THE AGE OF DARKNESS APPROACHES. FIVE LIVES STAND IN ITS WAY. WHO WILL STOP IT . . . OR UNLEASH IT? A show-stopping epic fantasy debut that is getting huge early buzz
In the moonlit room overlooking the city of faith, a priest knelt before Ephyra and begged for his life.
“Please,” he said. “I don’t deserve to die. Please. I won’t touch them anymore, I swear. Have mercy.”
Around him, the lavish private room at the Thalassa Gardens taverna lay in disarray. A sumptuous feast spilled from overturned platters and filigreed pitchers. The white marble floor was littered with ripe berries and the smashed remains of a dozen tiny jewel-like bottles. A pool of blood-dark wine slowly spread toward the kneeling priest.
Ephyra crouched down, placing her palm upon the papery skin of his cheek.
“Oh, thank you!” the priest cried, tears springing into his eyes. “Thank you, blessed—”
“I wonder,” Ephyra said. “Did your victims ever beg you for mercy? When you were leaving your bruises on their bodies, did they ever cry out in Behezda’s name?”
He choked on a breath.
“They didn’t, did they? You plied them with your monstrous potion to make them docile so you could hurt them without ever having to see their pain,” she said. “But I want you to know that every mark you left on them left a mark on you, too.”
A breeze rustled in from the open balcony doors behind Ephyra as she tilted the priest’s chin toward her. “You’ve been marked for death. And death has come to collect.”
His terror-struck eyes gazed up at Ephyra as she slid her hand to his throat, where she could feel the rapid tap-tap-tap of his pulse. She focused on the rush of blood beneath his flesh and drew the esha from his body.
The light drained from the priest’s eyes as his lungs sputtered out their last breath. He collapsed to the floor. A handprint, as pale as the moon, glowed against the sallow skin of his throat. Dead, and only a single mark to show for it.
Drawing the dagger from her belt, Ephyra leaned over the corpse. The priest had not been alone when she’d found him. The two girls he’d had with him—hollow-eyed girls, their wrists mottled with green and purple bruises—had fled the moment Ephyra had told them to run, as if they couldn’t help but obey.
Ephyra slid the tip of her blade into the flesh of the priest’s throat, cutting a line of red through the pale handprint. As dark blood oozed out, she turned the dagger over and opened the compartment in its hilt to extract the vial within. She held it under the flow of his blood. The priest’s desperate words had been a lie—he did deserve death. But that wasn’t why she’d taken his life.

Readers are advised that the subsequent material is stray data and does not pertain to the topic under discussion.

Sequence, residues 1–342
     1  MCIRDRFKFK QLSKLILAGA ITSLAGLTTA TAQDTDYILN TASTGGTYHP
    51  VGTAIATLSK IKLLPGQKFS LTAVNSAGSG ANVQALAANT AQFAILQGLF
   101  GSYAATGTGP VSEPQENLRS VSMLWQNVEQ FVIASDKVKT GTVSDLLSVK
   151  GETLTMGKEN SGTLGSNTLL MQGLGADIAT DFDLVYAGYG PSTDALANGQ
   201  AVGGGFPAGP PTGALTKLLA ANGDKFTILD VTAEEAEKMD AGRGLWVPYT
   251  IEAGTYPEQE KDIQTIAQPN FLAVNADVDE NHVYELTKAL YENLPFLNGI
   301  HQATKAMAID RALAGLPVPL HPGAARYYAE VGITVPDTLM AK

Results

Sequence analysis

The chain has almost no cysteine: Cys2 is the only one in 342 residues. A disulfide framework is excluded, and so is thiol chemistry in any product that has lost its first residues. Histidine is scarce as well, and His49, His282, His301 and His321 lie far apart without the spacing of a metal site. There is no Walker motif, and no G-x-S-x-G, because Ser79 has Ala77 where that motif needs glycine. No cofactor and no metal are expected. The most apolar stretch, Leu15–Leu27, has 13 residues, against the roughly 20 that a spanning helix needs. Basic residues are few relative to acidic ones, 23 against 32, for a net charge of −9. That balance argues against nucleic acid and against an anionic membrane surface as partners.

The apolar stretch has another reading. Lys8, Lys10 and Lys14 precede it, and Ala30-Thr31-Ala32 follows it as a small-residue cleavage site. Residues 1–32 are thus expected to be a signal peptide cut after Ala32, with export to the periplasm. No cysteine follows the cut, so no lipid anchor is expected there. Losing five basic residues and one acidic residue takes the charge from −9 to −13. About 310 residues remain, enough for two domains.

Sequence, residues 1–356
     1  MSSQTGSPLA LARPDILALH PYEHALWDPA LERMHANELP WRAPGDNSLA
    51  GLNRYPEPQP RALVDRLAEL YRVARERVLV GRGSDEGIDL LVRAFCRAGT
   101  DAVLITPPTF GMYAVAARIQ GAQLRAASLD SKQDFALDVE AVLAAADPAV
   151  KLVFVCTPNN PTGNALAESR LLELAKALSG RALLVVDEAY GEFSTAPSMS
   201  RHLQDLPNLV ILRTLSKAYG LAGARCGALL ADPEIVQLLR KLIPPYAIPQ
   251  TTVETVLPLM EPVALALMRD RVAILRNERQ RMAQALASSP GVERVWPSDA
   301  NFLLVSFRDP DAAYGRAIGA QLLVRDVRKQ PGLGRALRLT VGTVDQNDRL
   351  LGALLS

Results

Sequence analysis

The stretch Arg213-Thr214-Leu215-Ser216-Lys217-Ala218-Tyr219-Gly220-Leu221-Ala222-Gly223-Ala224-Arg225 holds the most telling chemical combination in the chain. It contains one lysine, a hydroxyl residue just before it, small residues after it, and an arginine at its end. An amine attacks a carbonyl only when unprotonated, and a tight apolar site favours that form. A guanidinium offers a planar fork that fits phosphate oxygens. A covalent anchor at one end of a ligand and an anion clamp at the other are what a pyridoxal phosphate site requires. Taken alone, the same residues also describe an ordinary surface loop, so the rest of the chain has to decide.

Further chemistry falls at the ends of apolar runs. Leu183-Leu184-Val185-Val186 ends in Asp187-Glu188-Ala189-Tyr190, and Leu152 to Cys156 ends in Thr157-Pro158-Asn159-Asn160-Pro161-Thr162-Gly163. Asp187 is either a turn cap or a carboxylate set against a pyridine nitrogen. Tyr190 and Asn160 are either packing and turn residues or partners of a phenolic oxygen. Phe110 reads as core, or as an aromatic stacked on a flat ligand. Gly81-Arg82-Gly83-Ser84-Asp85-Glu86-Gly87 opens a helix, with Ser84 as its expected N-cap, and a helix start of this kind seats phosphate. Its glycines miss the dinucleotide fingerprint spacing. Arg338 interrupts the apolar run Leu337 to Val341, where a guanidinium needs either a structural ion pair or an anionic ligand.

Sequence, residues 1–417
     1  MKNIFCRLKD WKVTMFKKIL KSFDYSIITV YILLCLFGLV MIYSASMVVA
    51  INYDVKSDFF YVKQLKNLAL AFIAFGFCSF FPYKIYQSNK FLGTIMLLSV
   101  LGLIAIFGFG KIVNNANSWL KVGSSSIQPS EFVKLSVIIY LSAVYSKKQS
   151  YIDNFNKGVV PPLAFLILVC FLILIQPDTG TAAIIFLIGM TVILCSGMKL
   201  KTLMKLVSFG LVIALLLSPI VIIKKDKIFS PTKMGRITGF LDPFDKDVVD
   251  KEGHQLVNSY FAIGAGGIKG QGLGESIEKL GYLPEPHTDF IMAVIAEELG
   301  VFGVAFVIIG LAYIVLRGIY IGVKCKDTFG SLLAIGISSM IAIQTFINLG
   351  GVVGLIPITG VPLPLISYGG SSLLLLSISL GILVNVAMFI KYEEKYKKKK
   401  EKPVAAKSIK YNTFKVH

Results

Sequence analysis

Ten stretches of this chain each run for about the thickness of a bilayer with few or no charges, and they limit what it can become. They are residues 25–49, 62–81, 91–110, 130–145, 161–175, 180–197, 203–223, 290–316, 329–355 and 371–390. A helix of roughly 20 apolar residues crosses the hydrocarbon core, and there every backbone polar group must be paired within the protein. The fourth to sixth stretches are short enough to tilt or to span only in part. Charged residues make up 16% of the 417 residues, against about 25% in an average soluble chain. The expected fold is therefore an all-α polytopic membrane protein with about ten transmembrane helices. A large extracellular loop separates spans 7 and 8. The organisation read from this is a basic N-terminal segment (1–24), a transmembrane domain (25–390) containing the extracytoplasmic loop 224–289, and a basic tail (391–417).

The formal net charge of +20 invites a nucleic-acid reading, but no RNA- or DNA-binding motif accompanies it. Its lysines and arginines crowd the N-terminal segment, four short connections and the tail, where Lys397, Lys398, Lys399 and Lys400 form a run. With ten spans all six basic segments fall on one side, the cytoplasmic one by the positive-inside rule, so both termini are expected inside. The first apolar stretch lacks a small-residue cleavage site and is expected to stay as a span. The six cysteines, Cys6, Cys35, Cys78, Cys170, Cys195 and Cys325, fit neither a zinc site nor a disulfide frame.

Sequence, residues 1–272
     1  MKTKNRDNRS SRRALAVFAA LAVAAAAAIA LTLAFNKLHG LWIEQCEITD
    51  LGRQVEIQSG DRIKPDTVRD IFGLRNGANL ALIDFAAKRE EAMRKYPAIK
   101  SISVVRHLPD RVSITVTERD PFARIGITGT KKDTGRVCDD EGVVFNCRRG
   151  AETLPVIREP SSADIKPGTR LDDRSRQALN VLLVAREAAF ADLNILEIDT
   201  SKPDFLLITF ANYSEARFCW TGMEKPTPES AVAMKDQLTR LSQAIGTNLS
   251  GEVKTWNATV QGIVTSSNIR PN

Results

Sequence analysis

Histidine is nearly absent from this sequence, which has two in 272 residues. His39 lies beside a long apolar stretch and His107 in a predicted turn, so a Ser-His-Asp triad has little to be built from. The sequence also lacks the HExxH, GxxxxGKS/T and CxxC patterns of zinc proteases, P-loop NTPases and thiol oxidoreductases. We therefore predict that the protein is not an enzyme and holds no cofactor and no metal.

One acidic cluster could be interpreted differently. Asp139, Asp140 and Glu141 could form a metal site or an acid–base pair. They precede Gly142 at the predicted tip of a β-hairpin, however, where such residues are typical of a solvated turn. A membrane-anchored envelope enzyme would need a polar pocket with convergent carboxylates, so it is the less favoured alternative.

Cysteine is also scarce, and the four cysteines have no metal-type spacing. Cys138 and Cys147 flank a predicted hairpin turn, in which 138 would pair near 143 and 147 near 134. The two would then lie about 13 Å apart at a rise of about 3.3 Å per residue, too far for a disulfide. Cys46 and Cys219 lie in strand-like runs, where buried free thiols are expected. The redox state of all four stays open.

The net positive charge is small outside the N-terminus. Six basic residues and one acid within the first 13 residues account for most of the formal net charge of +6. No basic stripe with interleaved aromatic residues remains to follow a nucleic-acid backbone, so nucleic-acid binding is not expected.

She had taken his life because she needed it.
The door burst open, startling Ephyra from her task. The vial slipped from her hand. She fumbled with it but caught it.
Three men spilled into the suite, one holding a crossbow, and the other two with sabers. Sentry. Ephyra wasn’t surprised. Thalassa sat at the edge of Elea Square, just within the High City gates. She’d known from staking it out that the Sentry ran their foot patrols through the square every night. But they’d gotten here quicker than she’d expected.
The first Sentry through the door stopped short, staring at the priest’s body, stunned. “He’s dead!”
Ephyra sealed the vial of blood and hid it back within the dagger’s hilt. She drew herself up, touching the black silk that covered the bottom of her face to make sure it was still in place.
“Come quietly,” the first Sentry said slowly, “and you don’t have to get hurt.”
Ephyra’s pulse hammered in her throat, but she made her voice calm. Fearless. “Take another step and there will be more than one body in this room.”
The Sentry hesitated. “She’s bluffing.”
“No, she isn’t,” the one with the crossbow said nervously. He glanced down at the priest’s corpse. “Look at the handprint. Just like the ones they found on the bodies in Tarsepolis.”
“The Pale Hand,” the third Sentry whispered, frozen as he stared at Ephyra.
“That’s just street lore,” the first Sentry said, but his voice was trembling slightly. “No one is so powerful that they can kill with only the Grace of Blood.”